Saudi Arabia's economy set to grow 2.3 per cent next year
Loans to private sector, point of sale transactions and other data indicate rebound is already under way
Saudi Arabia's economy is set to grow 2.3 per cent next year as stimulus measures put in place to combat a contraction caused by the pandemic and lower oil prices kickstart a "robust rebound", according to the Institute of International Finance.
The institute is forecasting a 5.2 per cent economic contraction this year following an 11 per cent second quarter decline, but said it expects strong growth in the second half of the year as the rise in new cases slows and restrictions ease.
Economic indicators such as purchasing managers' index data, private sector lending, point of sale transactions and cement output, suggest "that a sizeable rebound is already under way", the report by the institute's Mena chief economist Garbis Iradian said.
"However, the depth of contraction in 2020 and the speed of recovery in 2021 is subject to a high degree of uncertainty," it adds.
Saudi Arabia is in the midst of a major economic diversification plan known as Vision 2030 aimed at reducing its reliance on oil revenue. Next year's recovery will be led by the non-hydrocarbon economy, which is forecast to grow 3.4 per cent, compared to 0.9 per cent growth for the hydrocarbon sector.
"The current private sector stimulus focuses on boosting residential housing loans, supporting SMEs, and non-oil export financing," Mr Iradian said in the report. More than 100,000 new homes are planned to be built in 2020 under the Ministry of Housing's Sakani programme, a report by the US-Saudi Business Council stated last week. The programme provides land plots and funding to allow Saudi nationals to buy new homes.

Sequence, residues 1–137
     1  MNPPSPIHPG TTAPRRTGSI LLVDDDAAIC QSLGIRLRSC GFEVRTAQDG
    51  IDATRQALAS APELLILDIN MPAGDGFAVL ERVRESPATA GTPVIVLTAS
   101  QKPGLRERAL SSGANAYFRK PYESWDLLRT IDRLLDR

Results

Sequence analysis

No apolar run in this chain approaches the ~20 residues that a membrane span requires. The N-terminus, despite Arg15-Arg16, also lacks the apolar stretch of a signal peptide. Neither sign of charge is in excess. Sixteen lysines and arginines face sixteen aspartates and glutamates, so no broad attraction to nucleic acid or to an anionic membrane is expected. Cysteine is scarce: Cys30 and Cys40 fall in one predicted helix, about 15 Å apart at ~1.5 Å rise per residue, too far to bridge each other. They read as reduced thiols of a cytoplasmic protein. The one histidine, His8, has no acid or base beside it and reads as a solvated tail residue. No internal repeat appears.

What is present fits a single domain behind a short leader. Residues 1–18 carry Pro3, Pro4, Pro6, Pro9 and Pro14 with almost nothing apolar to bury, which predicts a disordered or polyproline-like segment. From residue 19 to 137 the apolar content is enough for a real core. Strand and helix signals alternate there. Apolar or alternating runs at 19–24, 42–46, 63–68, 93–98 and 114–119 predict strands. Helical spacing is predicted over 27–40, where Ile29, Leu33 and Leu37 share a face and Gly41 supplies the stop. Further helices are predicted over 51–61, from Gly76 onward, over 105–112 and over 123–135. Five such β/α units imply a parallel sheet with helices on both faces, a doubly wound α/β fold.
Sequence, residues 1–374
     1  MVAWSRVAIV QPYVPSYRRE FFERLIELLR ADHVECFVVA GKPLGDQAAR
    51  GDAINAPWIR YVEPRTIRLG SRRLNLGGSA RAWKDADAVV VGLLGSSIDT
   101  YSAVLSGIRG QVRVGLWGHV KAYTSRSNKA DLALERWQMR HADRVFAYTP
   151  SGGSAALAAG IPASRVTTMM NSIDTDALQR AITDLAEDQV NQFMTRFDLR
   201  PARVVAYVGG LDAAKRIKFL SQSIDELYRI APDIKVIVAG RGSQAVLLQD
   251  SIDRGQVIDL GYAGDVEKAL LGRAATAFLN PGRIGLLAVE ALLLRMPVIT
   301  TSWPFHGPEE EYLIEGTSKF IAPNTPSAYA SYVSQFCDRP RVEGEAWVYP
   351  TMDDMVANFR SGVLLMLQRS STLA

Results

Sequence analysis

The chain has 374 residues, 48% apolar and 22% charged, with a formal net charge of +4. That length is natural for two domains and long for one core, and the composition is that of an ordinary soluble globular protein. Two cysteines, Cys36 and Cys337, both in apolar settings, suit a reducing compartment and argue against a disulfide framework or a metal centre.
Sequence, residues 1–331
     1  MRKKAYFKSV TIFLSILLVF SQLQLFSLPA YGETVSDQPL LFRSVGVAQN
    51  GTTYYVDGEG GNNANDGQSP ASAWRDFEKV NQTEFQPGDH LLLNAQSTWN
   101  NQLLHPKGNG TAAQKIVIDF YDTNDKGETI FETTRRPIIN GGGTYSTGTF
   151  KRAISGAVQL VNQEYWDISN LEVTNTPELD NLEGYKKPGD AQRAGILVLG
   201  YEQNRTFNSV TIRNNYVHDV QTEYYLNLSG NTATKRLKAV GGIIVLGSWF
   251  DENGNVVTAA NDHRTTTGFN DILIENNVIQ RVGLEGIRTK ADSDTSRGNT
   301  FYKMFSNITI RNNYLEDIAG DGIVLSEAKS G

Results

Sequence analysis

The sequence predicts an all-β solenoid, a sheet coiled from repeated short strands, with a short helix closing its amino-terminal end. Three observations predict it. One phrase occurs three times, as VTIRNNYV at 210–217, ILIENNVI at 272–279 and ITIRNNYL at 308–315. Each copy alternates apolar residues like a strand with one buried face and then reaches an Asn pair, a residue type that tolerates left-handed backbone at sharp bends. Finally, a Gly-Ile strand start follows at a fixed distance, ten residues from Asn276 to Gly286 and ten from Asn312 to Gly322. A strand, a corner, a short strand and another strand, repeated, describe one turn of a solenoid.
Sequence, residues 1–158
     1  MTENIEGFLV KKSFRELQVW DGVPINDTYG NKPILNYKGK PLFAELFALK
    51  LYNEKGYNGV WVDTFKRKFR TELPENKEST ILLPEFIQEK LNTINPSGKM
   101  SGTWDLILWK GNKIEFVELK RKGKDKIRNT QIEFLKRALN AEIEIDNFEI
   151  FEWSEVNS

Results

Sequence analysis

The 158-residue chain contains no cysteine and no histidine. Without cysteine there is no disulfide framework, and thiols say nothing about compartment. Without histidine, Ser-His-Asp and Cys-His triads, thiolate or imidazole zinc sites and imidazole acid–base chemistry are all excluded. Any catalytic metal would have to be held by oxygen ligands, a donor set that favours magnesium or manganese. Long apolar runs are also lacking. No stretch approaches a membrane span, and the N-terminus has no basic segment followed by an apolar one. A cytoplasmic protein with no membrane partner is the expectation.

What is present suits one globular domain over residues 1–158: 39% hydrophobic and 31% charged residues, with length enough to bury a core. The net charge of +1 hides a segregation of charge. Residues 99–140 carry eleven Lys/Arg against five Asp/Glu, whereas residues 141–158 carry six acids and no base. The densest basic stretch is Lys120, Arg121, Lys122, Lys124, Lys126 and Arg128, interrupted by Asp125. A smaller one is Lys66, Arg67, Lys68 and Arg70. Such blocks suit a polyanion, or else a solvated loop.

Stimulus measures have also included monetary easing, with the the kingdom's central bank, the Saudi Arabian Monetary Authority, reducing interest rates by 125 basis points to 1 per cent and providing liquidity support to encourage lending to the private sector.
However, inflation is rising – to 6.4 per cent last month – as the VAT rate trebled in July as the kingdom seeks other sources of income to rein in its fiscal deficit. The country ran a deficit of 5.8 per cent in the first half of the year, the institute said, citing official data.
Although the kingdom's reserves are forecast to decline by $54bn this year, they will still stand at $445bn by the end of the year, equivalent to about 28 months' worth of imports, the IIF forecast.
Banks also remain strong, with non-performing loans standing at just 2 per cent of total lending.
Updated: September 27, 2020 09:12 AM